Let’s face it: nothing prepares you for parenthood. It sounds cliché, but it’s 100% true that babies come with no manual. They do come with heaps of surprises though – these range from diaper blowouts to new-found love, and fully-fledged identity crises (yours, not theirs).
To cushion your leap into parenthood, we’ve compiled a helpful list of books to see you through pregnancy and the early days, as well as coming to terms with (or creating) the new you.
These are the pregnancy and parenting books the Island Bébé team love – they’ve helped us navigate uncharted waters, and we hope they can help you, too.
In this article:
My Pregnancy, Dr Virginia Beckett
The Bump Class: An Expert Guide to Pregnancy, Birth and Beyond, Marina Fogle and Chiara Hunt
The Positive Birth Book, Milli Hill
The Mama Manual – How Busy Mums Get Organised, Nakita Attard Vassallo
The Freelance Mum, Annie Ridout
My Pregnancy – Dr Virginia Beckett
There are plenty of apps out there to help you track your pregnancy, your little one’s growth, and the fruit or vegetable that matches up to their size. But, if you prefer to have a handy book to flip through, then we suggest My Pregnancy.
Edited by Dr. Virginia Beckett, and incorporating the input of other leading experts (who are all mums), this book is packed with useful information from preconception to your baby’s first six weeks.
Each pregnancy week has a dedicated two page spread, outlining what you can expect emotionally, and physically, as well as your baby’s growth and development. It also helps you plan and get organised for your baby’s birth, including the essentials you’ll need in the first weeks after your baby’s born.
“You can’t plan for everything, but preparing emotionally, physically, and practically to start a family is the best approach.”
The Bump Class: An Expert Guide to Pregnancy, Birth and Beyond – Marina Fogle and Chiara Hunt
The Bump Class is another helpful guide to get you through pregnancy, split by trimester and then by weeks.
It’s a wonderful combination of expert advice and advice from women who’ve already been through it. The week by week feelings and symptoms are eerily accurate and we love how it brings the partner into the pregnancy with advice for them, too.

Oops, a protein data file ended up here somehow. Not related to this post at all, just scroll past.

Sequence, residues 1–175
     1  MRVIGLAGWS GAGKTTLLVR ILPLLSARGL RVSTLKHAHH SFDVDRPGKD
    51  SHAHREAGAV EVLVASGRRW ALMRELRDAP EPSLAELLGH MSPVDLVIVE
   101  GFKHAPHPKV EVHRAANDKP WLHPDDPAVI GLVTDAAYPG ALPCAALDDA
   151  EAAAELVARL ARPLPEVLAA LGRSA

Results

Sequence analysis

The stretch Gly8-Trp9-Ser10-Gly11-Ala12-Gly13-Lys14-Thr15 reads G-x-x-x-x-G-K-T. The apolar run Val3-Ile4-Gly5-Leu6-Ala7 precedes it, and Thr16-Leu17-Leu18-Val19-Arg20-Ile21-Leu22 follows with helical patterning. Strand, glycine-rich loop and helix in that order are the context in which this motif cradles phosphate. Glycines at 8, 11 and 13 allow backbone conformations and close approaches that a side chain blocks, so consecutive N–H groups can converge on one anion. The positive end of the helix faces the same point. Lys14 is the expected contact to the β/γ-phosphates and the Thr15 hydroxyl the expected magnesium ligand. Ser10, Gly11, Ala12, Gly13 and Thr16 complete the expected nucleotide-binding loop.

Reading it feels like having a best friend or older sister talking to you and guiding you throughout the 40 weeks of pregnancy, but with the science backing it up. We love how it shows that no pregnancy is perfect and that every woman is different.
The book adopts a very sensible and pragmatic approach that’s equally down to earth, accurate and comforting, leaving you feeling reassured every week. In short, a definite must for any pregnancy.
The Positive Birth Book – Milli Hill
Aka, the birth bible – this is the book you want to invest in and then lend to your friends when they’re pregnant.
The Positive Birth Book contains everything you need to know about birth. It features real life stories from other mums, going into the real deal of what it feels like to give birth.
It challenges common misconceptions about birth, the negativity and fear surrounding it, and instead supports you to work out what kind of birth you want, and to learn how to maximise your chances of getting it through evidence-based knowledge and positivity.
More than anything, it helps you appreciate your body, to trust it, and to advocate for the care you want to receive. The book also includes a helpful guide on how to create a birth plan and gives you all the information you need to make informed decisions about your options.
The Mama Manual, How Busy Mums Get Organised – Nakita Attard Vassallo
Another pregnancy read – but this time to prepare you for what comes after. There’s no denying that parenthood is a lot. It’s a 24/7 job, often packaged in with a career, a house, and family meals that need to be shopped for, prepared and served.
Mum of two and business owner, Nakita, is the queen of organisation and planning. Her book The Mama Manual helps you manage your time better, pre-empt your tasks to avoid being overwhelmed, and more importantly – to not forget yourself in all of this.
She also shares heaps of tips and tricks on her social channels @the_mama_manual, helping many create home and work routines that really work for their family.
The Freelance Mum – Annie Ridout
By far, the most unexpected thing about parenthood is the identity crisis that often comes with it. After years of identifying yourself with your work and then finding out (in my case) that the career you worked for doesn’t really line up with your parenthood goals, can be crushing.
Annie Ridout’s The Freelance Mum acknowledges what many women experience after becoming mothers: we want to advance our careers, but we also want to be there for our children. So how do you find a balance and avoid the guilt?
This book is a comprehensive guide to building your own, rewarding career without compromising your parenting ideals – helping you create a flexible working week that works for you and your family.
More importantly, it helps you rebuild your confidence as you set out on your own and work towards your goals. Because as mothers, we’ve got it in us to thrive.